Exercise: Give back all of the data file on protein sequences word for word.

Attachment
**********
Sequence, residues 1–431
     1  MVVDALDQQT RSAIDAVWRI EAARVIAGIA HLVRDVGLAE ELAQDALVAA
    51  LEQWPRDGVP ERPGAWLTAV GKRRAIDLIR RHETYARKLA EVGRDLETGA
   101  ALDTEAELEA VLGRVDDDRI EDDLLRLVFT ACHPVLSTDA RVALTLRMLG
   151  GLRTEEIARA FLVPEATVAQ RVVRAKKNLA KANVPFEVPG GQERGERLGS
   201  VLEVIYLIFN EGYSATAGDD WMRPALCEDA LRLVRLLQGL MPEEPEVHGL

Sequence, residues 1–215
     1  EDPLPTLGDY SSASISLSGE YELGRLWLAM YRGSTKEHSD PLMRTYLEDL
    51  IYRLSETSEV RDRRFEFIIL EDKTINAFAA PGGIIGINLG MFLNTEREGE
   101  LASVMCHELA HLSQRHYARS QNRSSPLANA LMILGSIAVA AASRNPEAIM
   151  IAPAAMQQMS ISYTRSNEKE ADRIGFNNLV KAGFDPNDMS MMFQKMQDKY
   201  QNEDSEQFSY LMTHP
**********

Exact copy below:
Sequence, residues 1–431
     1  MVVDALDQQT RSAIDAVWRI EAARVIAGIA HLVRDVGLAE ELAQDALVAA
    51  LEQWPRDGVP ERPGAWLTAV GKRRAIDLIR RHETYARKLA EVGRDLETGA
   101  ALDTEAELEA VLGRVDDDRI EDDLLRLVFT ACHPVLSTDA RVALTLRMLG
   151  GLRTEEIARA FLVPEATVAQ RVVRAKKNLA KANVPFEVPG GQERGERLGS
   201  VLEVIYLIFN EGYSATAGDD WMRPALCEDA LRLVRLLQGL MPEEPEVHGL

Sequence, residues 1–215
     1  EDPLPTLGDY SSASISLSGE YELGRLWLAM YRGSTKEHSD PLMRTYLEDL
    51  IYRLSETSEV RDRRFEFIIL EDKTINAFAA PGGIIGINLG MFLNTEREGE
   101  LASVMCHELA HLSQRHYARS QNRSSPLANA LMILGSIAVA AASRNPEAIM
   151  IAPAAMQQMS ISYTRSNEKE ADRIGFNNLV KAGFDPNDMS MMFQKMQDKY
   201  QNEDSEQFSY LMTHP